Insect Pest Management: Differences Between Conventional and Organic Farming Systems

eOrganic authors:

Mary E. Barbercheck, Penn State University

Ed Zaborski, University of Illinois

Integrated Pest Management (IPM), as defined by the United States Environmental Protection Agency (2007), is "the coordinated use of pest and environmental information with available pest control methods to prevent unacceptable levels of pest damage by the most economical means and with the least possible hazard to people, property, and the environment." For nonorganic farming systems, extensive information is available, through land-grant university Cooperative Extension services and other sources, about Integrated Pest Management (IPM) and control of insect pests. Although much of the basic information about insect pest biology is broadly useful, some important differences in approaches to IPM between nonorganic and organic farming systems should be noted.

IPM and the 'Economic Injury Level' Concept

The basic goal of IPM is to control populations of pests so as to minimize economic losses resulting from their damage. A key concept used for decision making in IPM is the concept of the Economic Injury Level (EIL). This concept was first introduced by Stern et al. (1959), who defined it as “The lowest population density of a pest that will cause economic damage; or the amount of pest injury which will justify the cost of control.” IPM decision-making—whether or not to take action to suppress a pest population—in nonorganic systems is dependent on this concept. The EIL is usually expressed as a pest density, but actually it is a level of injury that is indexed by pest numbers. Insect numbers (counts) are used because they typically correlate well with injury—both current and future—and it is often easier to count insects than to quantify injury. Because the results of control measures against insect pests are delayed somewhat after the detection of economically damaging populations, a second concept important to IPM decision-making is required: the Economic Threshold. The Economic Threshold (ET) is the pest abundance at which the EIL is likely to be equalled or exceeded unless the decision to implement control measures is taken; it typically occurs at a pest abundance below the EIL. Pest abundances or injury levels that reach the ET trigger the implementation of reactive control measures because those populations are predicted to result in economic losses if not controlled, whereas pest abundances or injury levels below the ET do not merit intervention. These concepts are illustrated in Fig. 1.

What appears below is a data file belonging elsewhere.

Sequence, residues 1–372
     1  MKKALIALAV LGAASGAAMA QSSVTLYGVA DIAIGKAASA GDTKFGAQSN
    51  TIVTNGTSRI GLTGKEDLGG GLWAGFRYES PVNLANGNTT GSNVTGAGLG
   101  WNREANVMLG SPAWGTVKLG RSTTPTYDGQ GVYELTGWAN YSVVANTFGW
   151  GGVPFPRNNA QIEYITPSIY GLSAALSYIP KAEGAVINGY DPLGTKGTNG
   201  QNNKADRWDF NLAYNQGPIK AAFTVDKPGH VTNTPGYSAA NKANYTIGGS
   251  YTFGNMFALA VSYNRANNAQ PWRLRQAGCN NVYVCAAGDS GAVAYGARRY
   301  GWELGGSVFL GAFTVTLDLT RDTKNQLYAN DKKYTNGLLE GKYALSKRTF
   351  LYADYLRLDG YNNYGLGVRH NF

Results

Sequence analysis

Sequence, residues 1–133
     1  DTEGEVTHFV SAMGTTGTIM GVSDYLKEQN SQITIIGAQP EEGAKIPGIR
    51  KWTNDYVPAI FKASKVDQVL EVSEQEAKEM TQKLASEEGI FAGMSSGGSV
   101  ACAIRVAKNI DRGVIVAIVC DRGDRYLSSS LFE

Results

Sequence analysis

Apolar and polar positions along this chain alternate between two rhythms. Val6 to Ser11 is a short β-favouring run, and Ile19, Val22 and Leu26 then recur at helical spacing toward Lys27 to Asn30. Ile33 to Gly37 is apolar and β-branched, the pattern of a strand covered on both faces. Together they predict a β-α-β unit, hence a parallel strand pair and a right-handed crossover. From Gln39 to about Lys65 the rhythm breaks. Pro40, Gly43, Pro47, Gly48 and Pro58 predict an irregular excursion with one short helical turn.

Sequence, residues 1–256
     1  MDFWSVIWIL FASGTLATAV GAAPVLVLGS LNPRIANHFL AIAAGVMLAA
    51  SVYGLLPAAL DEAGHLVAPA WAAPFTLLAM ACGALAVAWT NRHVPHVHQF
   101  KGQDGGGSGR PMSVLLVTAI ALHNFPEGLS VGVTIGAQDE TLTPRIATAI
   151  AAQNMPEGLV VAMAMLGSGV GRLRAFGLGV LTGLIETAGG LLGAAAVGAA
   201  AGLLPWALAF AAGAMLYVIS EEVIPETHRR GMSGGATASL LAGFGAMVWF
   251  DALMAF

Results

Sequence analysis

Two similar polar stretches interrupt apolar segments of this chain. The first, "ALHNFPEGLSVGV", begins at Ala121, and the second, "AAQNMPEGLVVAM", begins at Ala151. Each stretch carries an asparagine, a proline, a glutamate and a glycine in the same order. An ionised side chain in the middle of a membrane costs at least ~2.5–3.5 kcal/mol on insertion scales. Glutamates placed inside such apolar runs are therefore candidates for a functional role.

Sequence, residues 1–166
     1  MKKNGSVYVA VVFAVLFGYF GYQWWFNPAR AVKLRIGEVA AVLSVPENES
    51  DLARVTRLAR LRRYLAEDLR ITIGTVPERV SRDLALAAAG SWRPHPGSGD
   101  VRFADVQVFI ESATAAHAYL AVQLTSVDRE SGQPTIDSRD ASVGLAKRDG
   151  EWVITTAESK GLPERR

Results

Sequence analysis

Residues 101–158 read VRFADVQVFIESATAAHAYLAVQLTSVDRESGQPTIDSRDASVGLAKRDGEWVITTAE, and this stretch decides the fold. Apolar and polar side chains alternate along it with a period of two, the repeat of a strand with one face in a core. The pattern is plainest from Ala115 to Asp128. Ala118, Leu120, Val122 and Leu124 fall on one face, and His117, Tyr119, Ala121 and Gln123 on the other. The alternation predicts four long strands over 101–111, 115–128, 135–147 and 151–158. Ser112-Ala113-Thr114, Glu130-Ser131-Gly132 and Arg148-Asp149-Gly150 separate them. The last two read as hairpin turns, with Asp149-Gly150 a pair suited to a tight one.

Graph illustrating the concepts of economic injury level and economic threshold
Figure 1. The Economic Injury Level (EIL) is the pest abundance (or level of damage) at which the dollar cost of crop yield loss to the pest begins to exceed the dollar cost of controlling the pest. The Economic Threshold (ET) is the pest abundance (or damage level) at which the EIL is likely to be equalled or exceeded if left unmanaged. The ET is almost always lower than the EIL, and is considered to be the point at which action against the pest is economically justified. The ET is sometimes called an Action Threshold (AT). Figure credit: Ed Zaborski, University of Illinois.

Assumptions Behind Use of the Economic Injury Level Concept in IPM

There are many assumptions about the farming and marketing system built into the EIL and ET concepts that can affect the ability of an organic producer to adopt IPM programs developed for nonorganic farming systems. These assumptions include: cost and availability of allowable, effective control materials, and the market value of the crop.

Cost and availability of allowable, effective control materials